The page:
A few weeks ago I attended the Wine 2.0 event in San Francisco at Crushpad. The folks who run Wine 2.0, Cornelius Geary, Smoke Wallin, and Abdi Humphries were kind enough to provide me with a blogger pass to the event. I had originally intended to blog live from the event, but it proved too distracting and hell, I wanted to have fun tasting wine with my friends and shooting the breeze. My friend Lisa de Bruin has a funny photo of me in my attempt.
While I believe the focus was on targeting consumers, there were a fair amount of trade there as well. It was definitely well attended. Following the event, I had several thoughts on the event and Wine 2.0 in general:
- The folks at Wine 2.0 have done a great job in courting bloggers. They have made a point to make them feel special, with tactics such as free passes and hosting a “bloggers lounge” at the event. Consequently, these sorts of events have been well attended by wine bloggers. Those wineries who are interested in increasing their online presence should take note.
- The concept of bringing together wine and technology is a good one. It was definitely the most high-tech tasting event I’ve ever attended with both wineries and tech providers. They also attempted to use social media to generate interest both at the event and with those who couldn’t attend. I’m not sure how successful this turned out to be, but seemed a good effort. One of he coolest things was one of the wineries teleconferencing with the winemaker in Australia.
- There were a few hiccups with organization. The registration process seemed quite disorganized with the folks behind the desk having to refer to multiple hard-copy lists. This all caused a slow-down at the registration table and security had to hold people outside until the bottleneck was cleared. I froze my ass off, since I didn’t expect to wait on the sidewalk. For a technology advocate, it would make more sense to me to streamline the process and automate it.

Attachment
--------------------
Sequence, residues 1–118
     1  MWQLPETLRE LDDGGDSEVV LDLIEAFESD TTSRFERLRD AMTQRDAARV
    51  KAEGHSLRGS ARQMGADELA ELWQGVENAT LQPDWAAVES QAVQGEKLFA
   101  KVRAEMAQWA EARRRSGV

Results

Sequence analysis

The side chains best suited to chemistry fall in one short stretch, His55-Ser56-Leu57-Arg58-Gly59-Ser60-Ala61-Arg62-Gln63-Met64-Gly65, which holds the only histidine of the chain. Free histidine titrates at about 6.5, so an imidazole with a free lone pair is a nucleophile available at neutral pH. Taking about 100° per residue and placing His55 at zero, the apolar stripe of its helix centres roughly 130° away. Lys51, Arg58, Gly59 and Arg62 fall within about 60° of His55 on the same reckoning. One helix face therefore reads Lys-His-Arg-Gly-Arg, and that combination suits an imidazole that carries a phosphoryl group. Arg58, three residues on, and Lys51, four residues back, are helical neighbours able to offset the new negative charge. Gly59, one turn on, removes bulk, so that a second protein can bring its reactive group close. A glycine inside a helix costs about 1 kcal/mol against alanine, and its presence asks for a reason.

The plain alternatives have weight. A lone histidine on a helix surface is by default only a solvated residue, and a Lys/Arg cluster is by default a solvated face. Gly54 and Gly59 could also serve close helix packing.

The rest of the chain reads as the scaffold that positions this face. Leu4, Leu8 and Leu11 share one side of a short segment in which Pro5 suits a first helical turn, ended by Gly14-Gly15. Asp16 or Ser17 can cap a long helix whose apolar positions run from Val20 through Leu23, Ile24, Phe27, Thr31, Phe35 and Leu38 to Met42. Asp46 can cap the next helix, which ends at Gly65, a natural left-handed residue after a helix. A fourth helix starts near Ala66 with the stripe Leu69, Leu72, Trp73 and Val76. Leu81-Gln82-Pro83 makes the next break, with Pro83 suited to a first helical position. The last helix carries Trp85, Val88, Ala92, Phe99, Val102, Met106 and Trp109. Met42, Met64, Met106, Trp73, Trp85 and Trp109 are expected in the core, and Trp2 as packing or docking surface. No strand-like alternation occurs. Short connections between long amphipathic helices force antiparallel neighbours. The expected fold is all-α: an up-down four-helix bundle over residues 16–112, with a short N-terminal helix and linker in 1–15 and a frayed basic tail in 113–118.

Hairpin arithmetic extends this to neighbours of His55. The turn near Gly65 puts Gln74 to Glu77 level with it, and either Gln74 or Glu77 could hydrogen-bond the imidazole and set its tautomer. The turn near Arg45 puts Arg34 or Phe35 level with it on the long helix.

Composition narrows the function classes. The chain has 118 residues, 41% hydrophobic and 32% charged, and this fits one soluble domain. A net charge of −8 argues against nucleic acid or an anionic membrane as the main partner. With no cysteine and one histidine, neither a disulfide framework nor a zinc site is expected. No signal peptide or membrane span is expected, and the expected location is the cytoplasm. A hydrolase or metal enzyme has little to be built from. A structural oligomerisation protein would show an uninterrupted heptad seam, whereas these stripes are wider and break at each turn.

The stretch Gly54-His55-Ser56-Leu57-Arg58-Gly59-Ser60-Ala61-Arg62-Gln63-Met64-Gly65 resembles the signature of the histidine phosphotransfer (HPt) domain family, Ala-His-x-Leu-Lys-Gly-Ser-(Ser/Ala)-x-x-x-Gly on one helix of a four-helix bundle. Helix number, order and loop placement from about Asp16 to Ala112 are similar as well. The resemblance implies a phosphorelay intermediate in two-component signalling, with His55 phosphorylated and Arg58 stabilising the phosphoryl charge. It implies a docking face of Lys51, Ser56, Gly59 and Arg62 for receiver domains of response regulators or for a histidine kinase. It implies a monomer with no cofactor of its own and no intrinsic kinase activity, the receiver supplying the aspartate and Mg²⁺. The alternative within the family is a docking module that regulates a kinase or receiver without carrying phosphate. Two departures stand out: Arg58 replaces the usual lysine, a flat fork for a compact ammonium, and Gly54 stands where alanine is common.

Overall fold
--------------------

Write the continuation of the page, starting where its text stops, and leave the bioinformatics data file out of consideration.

- It would seem to me that Wine 2.0 and their events would be perfectly suited to Millennial wine buyers. In fact, I often advise my clients that these venues would be perfect for them if they wish to target that market. I was surprised, however, to see that the crowd attending this event seemed to be more mixed with the “usual suspects” and not at all many Millennials. Somewhere there is a disconnect.
My Conclusion? The jury is still out. I think that the folks at Wine 2.0 are heading in the right direction and have the right idea, but I think that they could still use a little more work on both promotion and execution. Forward thinking wineries would be wise to at least establish a relationship with the organization and get in early with a group that clearly has a lot of upside.